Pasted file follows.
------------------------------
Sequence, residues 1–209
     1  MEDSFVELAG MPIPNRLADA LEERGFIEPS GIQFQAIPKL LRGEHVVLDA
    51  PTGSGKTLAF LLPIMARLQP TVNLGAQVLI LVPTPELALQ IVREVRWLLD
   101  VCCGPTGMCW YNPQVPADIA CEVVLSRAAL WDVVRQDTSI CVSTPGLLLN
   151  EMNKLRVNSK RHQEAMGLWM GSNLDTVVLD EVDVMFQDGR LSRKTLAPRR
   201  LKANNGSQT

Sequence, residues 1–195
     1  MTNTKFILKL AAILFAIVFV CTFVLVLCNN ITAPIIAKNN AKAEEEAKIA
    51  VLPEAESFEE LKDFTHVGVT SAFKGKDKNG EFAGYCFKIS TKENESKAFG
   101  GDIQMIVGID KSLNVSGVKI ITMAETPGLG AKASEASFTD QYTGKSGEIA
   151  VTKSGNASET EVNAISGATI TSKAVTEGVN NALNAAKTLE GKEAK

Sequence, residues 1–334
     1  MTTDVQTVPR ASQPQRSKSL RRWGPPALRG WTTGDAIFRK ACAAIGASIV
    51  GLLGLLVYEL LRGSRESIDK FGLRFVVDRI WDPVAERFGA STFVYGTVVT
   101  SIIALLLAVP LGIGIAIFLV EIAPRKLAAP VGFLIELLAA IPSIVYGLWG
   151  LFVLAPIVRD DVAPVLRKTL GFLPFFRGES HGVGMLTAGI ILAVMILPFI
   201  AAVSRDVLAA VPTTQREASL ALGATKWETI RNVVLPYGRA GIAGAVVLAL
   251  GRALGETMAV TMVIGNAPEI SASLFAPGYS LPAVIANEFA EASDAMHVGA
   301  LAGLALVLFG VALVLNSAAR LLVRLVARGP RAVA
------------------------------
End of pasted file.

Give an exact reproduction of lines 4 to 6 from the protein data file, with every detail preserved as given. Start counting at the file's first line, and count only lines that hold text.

   101  VCCGPTGMCW YNPQVPADIA CEVVLSRAAL WDVVRQDTSI CVSTPGLLLN
   151  EMNKLRVNSK RHQEAMGLWM GSNLDTVVLD EVDVMFQDGR LSRKTLAPRR
   201  LKANNGSQT